Many people seem surprised to find out that Preston County has a Farmland Protection Program that has been in place for the last 12 years. Let us begin with a little history of Farmland Protection, then the history of Farmland Protection in West Virginia and Preston County and end with the greater context of farmland protection across the United States.
At the moment, every state in the union except North Dakota has some sort of legislation passed that specifically permits the use of conservation easements to protect farmland. In some states, the protection is only at the state level while many states, like West Virginia, use a dual system with a state-level farmland protection organization (the West Virginia Agricultural Land Protection Authority) as well as county-level farmland protection boards. In all states, before any effort to protect farmland could proceed, the first issue was to enable the use of conservation easements regardless of the purpose. This effort was necessary because in common law, applying a permanent land use restriction was not an option. Thus, all fifty states have at some point enacted laws to enable the placement of permanent, protective easements on real property. For West Virginia, the precursor was passage of West Virginia Conservation and Preservation Easements Act, which passed on 9 March 1995. The bill was sponsored by Senators Yoder, Ross, Dittmer, and Grubb and was signed by Governor Caperton.
With passage of that Act, development of a state farmland protection law could proceed. This effort was spearheaded by local citizens who formed a group in the summer of 1999 called the Eastern Panhandle Peoples Empowerment Coalition. Their effort ultimately led to the passage of Senate Bill 209 in March 2000. Senator John Unger was the primary sponsor of the bill, which was named the Voluntary Farmland Protection Act. The Act was originally in Chapter 8 section 24-84 of the West Virginia Code. Subsequently, that section was repealed and the Act was placed into the new Chapter 8A, section 12. This occurred in 2004 when the legislature separated municipal (Chapter 8) from County (Chapter 8A) planning and land use functions. In 2002 the Legislature modified the Voluntary Farmland Protection Act to permit counties to levy a real estate transfer tax to fund their local farmland protection programs. Together, these bills set the stage in West Virginia for counties to begin their individual farmland protection programs. In terms of the greater national trend, West Virginia isn’t the first, nor certainly the last, state to enable this type of legislation. The states in the vanguard were Maryland and Massachusetts, both enabling legislation to protect farmland back in 1977, followed by Connecticut in 1978. New Mexico appears to be the late-comer in this regard, creating their statute in 2010. Around the time period that West Virginia created the Voluntary Farmland Protection Act (1999-2002), seven other states also created their farmland protection legislation.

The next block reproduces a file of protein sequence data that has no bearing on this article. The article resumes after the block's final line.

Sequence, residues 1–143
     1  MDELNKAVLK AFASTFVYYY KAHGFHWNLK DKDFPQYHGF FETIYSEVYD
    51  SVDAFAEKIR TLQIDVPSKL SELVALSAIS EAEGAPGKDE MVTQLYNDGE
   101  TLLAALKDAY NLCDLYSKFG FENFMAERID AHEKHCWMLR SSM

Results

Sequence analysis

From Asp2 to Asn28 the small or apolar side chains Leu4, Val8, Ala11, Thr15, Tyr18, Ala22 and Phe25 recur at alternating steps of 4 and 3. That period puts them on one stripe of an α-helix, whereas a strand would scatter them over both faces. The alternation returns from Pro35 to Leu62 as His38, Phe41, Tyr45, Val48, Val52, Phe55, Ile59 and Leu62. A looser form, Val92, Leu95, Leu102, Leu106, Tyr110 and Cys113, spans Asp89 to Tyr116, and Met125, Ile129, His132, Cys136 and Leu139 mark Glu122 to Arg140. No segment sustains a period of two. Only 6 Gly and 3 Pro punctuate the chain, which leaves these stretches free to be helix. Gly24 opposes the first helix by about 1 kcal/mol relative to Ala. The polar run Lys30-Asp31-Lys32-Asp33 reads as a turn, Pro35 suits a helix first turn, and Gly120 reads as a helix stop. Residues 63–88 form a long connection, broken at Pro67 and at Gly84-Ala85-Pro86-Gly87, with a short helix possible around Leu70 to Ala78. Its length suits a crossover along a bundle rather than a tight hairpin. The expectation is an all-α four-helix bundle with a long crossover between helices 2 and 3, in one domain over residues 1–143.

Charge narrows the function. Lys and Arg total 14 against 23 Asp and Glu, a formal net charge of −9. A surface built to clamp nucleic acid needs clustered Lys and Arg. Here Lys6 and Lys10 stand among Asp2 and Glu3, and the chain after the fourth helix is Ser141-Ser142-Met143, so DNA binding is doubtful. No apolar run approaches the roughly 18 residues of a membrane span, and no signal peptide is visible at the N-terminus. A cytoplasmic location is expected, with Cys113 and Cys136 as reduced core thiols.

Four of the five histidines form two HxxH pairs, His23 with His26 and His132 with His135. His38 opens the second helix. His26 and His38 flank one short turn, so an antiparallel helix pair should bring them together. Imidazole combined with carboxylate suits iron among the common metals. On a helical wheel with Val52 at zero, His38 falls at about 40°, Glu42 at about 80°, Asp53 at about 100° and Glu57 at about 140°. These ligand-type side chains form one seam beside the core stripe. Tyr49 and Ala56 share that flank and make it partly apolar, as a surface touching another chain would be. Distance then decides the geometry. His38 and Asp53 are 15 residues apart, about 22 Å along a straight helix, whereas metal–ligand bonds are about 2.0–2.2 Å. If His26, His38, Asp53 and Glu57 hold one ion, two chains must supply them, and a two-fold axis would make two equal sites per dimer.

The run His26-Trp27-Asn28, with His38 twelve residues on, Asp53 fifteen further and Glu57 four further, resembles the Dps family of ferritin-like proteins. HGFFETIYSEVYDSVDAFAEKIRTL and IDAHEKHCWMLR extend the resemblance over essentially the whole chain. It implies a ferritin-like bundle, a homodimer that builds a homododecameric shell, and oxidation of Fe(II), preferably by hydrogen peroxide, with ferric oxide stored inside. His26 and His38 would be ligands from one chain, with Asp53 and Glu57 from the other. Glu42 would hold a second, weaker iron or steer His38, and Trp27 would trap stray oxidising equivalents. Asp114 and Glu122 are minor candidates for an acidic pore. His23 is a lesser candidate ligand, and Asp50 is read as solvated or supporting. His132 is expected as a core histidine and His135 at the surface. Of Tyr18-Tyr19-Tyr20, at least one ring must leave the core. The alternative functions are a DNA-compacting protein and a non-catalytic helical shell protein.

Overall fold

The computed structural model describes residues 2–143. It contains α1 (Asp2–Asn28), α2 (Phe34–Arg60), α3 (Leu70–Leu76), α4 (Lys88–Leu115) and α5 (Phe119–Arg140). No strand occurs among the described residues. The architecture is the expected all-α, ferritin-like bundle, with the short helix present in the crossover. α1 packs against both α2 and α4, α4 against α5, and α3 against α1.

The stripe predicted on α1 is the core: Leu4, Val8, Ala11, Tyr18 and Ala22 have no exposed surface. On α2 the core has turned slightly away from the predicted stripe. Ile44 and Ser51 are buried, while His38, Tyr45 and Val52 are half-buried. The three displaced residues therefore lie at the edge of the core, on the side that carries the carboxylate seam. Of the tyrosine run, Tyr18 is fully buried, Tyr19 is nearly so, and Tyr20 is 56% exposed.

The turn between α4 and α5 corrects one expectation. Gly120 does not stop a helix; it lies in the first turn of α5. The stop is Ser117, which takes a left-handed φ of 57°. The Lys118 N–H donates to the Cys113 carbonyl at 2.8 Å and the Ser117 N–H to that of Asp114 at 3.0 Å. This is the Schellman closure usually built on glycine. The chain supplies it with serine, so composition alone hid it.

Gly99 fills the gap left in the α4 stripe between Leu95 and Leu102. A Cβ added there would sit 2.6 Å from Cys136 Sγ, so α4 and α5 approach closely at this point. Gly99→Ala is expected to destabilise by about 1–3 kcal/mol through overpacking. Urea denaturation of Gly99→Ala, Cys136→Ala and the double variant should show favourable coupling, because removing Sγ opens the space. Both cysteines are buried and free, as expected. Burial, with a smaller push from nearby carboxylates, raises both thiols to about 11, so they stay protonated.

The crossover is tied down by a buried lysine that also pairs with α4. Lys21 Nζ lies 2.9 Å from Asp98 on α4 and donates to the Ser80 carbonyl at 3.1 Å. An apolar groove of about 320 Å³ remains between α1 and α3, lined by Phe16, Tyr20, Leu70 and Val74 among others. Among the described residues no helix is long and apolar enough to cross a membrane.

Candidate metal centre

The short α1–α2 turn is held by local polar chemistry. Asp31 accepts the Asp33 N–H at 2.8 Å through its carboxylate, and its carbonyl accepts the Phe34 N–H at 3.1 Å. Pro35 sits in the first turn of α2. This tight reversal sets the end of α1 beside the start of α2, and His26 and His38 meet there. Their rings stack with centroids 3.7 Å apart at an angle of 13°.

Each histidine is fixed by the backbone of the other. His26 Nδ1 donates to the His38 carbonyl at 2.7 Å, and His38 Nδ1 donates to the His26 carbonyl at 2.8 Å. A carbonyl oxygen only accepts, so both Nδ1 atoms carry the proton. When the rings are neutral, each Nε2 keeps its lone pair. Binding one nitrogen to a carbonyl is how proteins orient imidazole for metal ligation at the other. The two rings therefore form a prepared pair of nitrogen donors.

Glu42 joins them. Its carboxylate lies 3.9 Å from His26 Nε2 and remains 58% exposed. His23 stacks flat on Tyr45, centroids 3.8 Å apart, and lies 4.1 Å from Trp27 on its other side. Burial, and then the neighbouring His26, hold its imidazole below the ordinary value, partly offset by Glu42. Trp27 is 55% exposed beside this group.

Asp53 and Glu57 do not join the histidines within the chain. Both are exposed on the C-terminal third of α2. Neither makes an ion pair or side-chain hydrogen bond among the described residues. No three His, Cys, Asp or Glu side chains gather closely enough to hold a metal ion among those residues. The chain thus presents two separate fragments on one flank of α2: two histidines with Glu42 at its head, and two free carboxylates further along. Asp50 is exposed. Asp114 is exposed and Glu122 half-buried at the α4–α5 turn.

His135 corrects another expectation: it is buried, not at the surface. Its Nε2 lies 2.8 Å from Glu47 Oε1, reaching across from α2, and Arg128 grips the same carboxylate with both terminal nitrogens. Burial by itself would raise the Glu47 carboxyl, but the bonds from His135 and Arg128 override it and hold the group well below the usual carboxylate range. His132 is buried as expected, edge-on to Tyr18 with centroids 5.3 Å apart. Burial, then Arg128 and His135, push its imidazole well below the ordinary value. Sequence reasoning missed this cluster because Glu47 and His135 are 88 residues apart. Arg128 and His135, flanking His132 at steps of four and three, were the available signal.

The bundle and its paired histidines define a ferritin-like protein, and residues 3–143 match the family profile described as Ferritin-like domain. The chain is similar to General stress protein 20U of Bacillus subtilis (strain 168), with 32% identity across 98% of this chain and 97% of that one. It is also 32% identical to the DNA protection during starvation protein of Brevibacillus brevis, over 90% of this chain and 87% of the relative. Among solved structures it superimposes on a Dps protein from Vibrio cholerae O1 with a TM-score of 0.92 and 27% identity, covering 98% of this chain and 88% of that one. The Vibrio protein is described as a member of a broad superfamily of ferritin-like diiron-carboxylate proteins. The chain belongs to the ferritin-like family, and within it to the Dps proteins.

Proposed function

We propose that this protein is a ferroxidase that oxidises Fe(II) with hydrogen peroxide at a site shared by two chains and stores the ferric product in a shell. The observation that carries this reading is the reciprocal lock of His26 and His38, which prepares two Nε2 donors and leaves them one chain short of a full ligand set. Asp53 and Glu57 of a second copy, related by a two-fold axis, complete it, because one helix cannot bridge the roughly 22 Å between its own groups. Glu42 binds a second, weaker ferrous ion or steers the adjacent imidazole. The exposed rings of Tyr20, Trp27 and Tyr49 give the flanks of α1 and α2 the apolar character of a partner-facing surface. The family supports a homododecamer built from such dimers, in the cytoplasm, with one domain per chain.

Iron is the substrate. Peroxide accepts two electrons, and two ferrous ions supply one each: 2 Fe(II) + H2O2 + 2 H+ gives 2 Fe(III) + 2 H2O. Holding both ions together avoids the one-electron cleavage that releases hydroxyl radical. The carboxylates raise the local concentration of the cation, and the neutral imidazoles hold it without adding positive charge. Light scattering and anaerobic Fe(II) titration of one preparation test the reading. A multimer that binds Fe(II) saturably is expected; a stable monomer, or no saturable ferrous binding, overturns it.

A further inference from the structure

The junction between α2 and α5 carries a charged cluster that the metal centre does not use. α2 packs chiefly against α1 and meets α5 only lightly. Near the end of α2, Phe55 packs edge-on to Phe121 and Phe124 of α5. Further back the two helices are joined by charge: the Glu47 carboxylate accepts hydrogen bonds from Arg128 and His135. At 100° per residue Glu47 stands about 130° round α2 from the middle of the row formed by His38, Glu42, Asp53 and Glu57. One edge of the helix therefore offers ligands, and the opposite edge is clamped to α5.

Within West Virginia, Berkeley County was the first to adopt a farmland protection program on June 15, 2000. Preston County officially started their program on June 22, 2004. The transfer tax to fund the Preston County program was enacted by an Act of the County Commission with the use of 1/3 of the county’s transfer funds.
In the years since 2000, many counties in West Virginia have adopted farmland protection boards. These are Berkeley, Fayette, Grant, Greenbrier, Hampshire, Hardy, Harrison, Jefferson, Lincoln, Mineral, Monongahela, Monroe, Morgan, Pendleton, Pocahontas, Preston, Putnam, Roane, Summers and Upshur Counties. Of these, only Harrison, which was just created, Monongahela and Putnam have yet to establish a transfer tax to fund their programs.
Has the program been successful in West Virginia? I think the numbers speak for themselves. Throughout West Virginia, over 24,000 acres have been protected, and the overwhelming majority of this land is specifically under a farmland protection program. In the Eastern Panhandle, the counties with the most urban encroachment, Berkeley County has protected more than 4,700 acres on 46 properties and Jefferson County has protected over 3,700 acres on 38 properties. Preston County has protected three farms with 457 acres. There are also two more farms in the process with another 200 acres to be protected.
As a common bumper sticker declares, “Farmland Lost is Lost Forever”. According to the New York Times, the United States is losing two acres of mostly prime farmland every minute to development, the fastest such decline in the country’s history. Farmland Protection efforts in West Virginia are working to ensure that important farmland will never be lost.
LaDeana Teets, Preston County Farmland Protection Program Director can be reached at 304-329-2299 or by email at [email protected].